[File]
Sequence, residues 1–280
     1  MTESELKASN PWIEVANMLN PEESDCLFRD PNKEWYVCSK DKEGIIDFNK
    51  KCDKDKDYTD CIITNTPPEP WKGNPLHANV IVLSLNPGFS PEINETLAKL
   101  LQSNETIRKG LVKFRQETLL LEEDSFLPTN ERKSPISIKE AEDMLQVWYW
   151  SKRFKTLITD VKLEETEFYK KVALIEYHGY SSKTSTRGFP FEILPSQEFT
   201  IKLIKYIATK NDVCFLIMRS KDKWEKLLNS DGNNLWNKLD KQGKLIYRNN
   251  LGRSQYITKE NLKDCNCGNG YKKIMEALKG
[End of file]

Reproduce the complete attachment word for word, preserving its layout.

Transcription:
Sequence, residues 1–280
     1  MTESELKASN PWIEVANMLN PEESDCLFRD PNKEWYVCSK DKEGIIDFNK
    51  KCDKDKDYTD CIITNTPPEP WKGNPLHANV IVLSLNPGFS PEINETLAKL
   101  LQSNETIRKG LVKFRQETLL LEEDSFLPTN ERKSPISIKE AEDMLQVWYW
   151  SKRFKTLITD VKLEETEFYK KVALIEYHGY SSKTSTRGFP FEILPSQEFT
   201  IKLIKYIATK NDVCFLIMRS KDKWEKLLNS DGNNLWNKLD KQGKLIYRNN
   251  LGRSQYITKE NLKDCNCGNG YKKIMEALKG